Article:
In this study, we demonstrate that constitutive activation of Raf-1 oncogenic signaling induces stabilization and accumulation of Aurora-A mitotic kinase that ultimately drives the transition from an epithelial to a highly invasive mesenchymal phenotype in estrogen receptor positive (ER+) breast cancer cells. The transition from an epithelial- to a mesenchymal-like phenotype was characterized by reduced expression of ER, HER-2/Neu overexpression and loss of CD24 su-rface receptor (CD24 -/low). Importantly, expression of key epithelial-to-mesenchymal transition (EMT) markers and upregulation of the stemness gene SOX2 was linked to acquisition of stem cell-like properties such as the ability to form mammospheres in vitro and tumor self-renewal in vivo. Moreover, aberrant Aurora-A kinase activity induced phosphorylation and nuclear translocation of SMAD5, indicating a novel interplay between Aurora-A and SMAD5 signaling pathways in the development of EMT, stemness and ultimately tumor progression. Importantly, pharmacological and molecular inhibition of Aurora-A kinase activity restored a CD24 + epithelial phenotype that was coupled to ER expression, downregulation of HER-2/Neu, inhibition of EMT and impaired self-renewal ability, resulting in the suppression of distant metastases. Taken together, our findings show for the first time the causal role of Aurora-A kinase in the activation of EMT pathway responsible for the development of distant metastases in ER+ breast cancer cells. Moreover, this study has important translational implications because it highlights the mitotic kinase Aurora-A as a novel promising therapeutic target to selectively eliminate highly invasive cancer cells and improve the disease-free and overall survival of ER+ breast cancer patients resistant to conventional endocrine therapy.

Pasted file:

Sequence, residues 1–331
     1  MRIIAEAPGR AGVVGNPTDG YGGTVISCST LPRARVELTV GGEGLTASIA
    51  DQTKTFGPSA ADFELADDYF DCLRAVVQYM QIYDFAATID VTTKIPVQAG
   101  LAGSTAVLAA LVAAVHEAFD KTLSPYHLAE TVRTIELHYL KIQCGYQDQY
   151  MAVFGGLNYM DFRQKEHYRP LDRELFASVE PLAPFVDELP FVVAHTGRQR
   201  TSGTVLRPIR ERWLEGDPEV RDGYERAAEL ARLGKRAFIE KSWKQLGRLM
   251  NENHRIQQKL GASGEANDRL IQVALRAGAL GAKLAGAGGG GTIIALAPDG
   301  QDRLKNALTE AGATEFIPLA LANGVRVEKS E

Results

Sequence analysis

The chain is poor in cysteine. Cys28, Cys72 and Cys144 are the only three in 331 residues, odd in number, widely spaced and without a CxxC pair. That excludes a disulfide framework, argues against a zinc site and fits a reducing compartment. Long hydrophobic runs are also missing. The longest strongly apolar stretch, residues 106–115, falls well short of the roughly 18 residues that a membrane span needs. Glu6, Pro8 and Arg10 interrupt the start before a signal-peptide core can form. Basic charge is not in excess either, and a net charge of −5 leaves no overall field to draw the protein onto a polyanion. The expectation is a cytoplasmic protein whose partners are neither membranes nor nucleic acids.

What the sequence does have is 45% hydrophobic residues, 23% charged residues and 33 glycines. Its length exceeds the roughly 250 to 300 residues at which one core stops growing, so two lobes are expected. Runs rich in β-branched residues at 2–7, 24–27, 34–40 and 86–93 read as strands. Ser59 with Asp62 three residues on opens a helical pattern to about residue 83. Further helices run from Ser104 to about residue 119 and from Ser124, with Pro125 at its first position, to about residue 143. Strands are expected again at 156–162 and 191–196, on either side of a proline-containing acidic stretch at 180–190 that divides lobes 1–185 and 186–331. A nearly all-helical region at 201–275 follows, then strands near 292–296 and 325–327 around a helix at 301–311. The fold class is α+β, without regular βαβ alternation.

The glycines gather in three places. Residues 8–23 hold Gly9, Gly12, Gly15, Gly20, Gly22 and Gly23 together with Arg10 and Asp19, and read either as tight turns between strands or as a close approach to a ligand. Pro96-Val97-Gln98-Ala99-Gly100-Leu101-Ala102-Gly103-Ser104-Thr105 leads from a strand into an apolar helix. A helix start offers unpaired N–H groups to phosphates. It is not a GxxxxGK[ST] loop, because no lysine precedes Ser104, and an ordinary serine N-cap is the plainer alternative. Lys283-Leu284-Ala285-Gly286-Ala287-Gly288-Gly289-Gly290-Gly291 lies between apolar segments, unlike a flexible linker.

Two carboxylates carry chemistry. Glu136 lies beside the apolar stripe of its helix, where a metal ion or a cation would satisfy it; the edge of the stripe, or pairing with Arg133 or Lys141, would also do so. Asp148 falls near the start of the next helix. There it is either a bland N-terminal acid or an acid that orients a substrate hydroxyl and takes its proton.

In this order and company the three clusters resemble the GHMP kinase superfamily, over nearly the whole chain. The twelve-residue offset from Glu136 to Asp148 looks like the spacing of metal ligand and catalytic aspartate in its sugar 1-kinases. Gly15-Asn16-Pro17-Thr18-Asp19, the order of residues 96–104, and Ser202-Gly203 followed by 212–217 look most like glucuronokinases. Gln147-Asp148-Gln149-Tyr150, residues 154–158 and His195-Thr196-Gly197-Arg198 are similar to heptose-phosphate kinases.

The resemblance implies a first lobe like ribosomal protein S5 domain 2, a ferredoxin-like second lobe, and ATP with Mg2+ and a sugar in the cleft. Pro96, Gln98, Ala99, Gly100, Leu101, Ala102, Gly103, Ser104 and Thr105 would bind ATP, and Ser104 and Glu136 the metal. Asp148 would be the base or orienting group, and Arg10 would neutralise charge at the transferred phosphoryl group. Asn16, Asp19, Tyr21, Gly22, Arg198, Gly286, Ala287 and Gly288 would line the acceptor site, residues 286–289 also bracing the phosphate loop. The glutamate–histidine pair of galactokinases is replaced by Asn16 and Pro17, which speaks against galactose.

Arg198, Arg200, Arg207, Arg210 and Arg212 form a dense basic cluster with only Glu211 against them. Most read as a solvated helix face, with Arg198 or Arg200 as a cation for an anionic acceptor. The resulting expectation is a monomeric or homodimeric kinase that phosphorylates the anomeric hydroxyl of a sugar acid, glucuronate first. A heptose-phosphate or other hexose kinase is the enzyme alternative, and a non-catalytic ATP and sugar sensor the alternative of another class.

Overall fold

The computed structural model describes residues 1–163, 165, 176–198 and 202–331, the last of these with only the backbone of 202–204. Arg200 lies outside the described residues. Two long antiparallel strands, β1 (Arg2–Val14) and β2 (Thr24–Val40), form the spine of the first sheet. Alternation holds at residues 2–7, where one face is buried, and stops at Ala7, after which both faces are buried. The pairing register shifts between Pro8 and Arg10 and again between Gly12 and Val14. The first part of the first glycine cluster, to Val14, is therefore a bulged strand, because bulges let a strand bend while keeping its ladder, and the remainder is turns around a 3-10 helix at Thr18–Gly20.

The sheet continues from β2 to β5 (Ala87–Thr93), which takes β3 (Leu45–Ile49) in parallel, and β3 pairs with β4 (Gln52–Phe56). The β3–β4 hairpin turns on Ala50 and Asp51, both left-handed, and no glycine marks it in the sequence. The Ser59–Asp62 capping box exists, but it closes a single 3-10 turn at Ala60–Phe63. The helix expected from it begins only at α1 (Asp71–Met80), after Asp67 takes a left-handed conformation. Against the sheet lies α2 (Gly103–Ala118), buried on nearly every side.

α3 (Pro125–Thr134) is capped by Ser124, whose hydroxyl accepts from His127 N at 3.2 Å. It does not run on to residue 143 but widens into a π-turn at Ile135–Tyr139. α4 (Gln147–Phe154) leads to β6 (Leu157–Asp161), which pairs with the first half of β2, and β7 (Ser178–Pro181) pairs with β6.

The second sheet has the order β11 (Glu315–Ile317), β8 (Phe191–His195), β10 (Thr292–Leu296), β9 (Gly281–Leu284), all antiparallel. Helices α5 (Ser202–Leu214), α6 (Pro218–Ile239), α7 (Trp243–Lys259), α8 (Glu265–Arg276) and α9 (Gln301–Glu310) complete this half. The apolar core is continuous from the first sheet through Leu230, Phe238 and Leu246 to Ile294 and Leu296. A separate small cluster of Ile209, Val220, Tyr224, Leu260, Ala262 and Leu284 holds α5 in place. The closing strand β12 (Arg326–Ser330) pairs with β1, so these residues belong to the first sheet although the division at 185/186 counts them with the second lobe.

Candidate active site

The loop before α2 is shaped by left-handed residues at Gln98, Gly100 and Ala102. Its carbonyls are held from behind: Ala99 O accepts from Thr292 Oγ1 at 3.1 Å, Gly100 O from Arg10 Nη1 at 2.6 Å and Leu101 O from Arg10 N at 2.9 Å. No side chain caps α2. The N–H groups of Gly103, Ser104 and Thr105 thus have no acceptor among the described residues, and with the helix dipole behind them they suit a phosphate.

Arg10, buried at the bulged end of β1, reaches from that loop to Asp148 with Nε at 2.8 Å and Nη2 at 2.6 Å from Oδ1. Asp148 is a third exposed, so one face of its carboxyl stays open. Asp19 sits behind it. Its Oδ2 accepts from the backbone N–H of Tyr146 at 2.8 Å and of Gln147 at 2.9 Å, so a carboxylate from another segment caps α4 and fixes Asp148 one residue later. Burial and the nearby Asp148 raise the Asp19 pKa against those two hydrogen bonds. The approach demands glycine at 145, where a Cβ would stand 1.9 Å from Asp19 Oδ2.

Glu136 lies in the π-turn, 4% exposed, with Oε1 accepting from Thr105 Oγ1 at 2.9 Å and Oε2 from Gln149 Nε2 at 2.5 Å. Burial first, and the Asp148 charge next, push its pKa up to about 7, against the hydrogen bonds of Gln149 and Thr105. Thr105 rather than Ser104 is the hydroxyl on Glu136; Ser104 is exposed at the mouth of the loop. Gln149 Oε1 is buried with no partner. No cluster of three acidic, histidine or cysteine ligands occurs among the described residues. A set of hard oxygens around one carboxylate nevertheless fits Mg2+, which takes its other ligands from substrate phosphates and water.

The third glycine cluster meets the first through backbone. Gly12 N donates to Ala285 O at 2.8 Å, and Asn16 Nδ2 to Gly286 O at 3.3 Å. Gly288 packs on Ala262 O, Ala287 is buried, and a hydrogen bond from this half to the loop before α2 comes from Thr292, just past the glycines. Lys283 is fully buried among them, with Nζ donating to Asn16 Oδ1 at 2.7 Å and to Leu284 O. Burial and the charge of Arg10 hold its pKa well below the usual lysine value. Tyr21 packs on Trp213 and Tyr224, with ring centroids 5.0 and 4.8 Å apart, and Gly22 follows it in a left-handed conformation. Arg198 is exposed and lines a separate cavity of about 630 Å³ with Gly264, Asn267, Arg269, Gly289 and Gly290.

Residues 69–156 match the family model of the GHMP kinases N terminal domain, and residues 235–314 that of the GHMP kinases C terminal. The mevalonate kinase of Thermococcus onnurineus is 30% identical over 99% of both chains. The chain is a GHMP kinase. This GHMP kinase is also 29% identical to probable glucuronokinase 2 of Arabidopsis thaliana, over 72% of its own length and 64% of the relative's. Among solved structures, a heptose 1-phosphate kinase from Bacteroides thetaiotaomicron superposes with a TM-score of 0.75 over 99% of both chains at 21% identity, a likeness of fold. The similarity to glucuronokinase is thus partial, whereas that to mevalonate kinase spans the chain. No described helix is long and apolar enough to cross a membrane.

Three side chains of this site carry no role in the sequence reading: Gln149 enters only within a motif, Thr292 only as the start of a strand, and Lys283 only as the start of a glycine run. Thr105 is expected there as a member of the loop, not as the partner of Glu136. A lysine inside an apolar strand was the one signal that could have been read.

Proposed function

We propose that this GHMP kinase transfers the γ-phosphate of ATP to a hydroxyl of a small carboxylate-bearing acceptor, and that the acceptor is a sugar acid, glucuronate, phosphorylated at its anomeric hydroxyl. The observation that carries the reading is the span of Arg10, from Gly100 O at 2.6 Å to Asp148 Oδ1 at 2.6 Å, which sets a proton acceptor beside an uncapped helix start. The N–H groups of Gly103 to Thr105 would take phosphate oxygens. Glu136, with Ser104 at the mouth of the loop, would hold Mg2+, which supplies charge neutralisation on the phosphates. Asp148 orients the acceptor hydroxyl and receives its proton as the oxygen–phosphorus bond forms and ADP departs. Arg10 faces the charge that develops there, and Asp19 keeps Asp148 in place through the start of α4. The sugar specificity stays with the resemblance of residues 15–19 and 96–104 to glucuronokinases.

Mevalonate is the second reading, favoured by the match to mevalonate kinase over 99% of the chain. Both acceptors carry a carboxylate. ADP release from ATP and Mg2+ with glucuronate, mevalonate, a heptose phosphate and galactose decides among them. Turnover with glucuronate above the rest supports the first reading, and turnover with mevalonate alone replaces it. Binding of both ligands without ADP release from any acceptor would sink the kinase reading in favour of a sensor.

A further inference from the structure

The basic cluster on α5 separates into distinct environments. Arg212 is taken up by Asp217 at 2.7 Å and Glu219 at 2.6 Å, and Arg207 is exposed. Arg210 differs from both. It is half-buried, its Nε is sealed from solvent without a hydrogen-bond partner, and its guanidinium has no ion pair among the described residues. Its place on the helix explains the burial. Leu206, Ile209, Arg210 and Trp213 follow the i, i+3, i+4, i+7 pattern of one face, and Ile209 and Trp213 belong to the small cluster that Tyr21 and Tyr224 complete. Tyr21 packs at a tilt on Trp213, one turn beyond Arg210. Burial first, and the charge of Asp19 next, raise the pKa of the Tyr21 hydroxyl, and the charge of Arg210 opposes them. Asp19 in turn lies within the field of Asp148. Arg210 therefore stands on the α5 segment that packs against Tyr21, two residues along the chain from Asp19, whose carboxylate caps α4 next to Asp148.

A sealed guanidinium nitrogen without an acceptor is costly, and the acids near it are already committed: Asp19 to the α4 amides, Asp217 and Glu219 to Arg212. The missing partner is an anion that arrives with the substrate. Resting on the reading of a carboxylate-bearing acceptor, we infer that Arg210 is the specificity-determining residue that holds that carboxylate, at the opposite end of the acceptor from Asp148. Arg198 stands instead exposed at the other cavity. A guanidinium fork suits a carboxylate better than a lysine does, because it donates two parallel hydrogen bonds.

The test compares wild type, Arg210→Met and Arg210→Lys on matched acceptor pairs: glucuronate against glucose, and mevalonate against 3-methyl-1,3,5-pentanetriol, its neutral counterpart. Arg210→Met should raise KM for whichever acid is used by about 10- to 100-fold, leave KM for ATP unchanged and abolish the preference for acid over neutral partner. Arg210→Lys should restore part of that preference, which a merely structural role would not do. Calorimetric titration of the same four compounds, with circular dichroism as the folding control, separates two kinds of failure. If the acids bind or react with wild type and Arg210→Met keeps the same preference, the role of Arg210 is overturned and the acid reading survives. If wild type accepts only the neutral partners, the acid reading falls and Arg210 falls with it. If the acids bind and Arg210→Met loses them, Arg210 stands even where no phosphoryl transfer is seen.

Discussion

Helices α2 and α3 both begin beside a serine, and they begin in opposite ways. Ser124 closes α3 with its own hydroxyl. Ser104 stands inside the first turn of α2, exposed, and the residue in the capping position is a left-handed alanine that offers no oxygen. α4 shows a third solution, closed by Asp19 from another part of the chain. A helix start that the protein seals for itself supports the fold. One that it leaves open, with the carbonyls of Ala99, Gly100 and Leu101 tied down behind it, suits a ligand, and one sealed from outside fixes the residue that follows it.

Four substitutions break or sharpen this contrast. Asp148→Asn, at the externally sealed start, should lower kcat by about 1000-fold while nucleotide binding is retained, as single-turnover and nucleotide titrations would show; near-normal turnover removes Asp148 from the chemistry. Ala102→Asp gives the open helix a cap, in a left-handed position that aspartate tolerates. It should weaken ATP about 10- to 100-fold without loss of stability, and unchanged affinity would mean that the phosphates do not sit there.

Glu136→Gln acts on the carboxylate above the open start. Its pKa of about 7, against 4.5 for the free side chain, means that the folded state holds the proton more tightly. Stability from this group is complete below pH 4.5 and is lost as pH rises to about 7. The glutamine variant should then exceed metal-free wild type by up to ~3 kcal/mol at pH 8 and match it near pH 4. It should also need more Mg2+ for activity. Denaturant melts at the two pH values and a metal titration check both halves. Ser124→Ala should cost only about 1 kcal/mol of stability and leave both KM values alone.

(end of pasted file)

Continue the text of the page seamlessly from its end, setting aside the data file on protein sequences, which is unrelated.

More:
|Original language||English (US)|
|Number of pages||12|
|State||Published - Jan 30 2014|
- Breast Cancer
ASJC Scopus subject areas
- Molecular Biology
- Cancer Research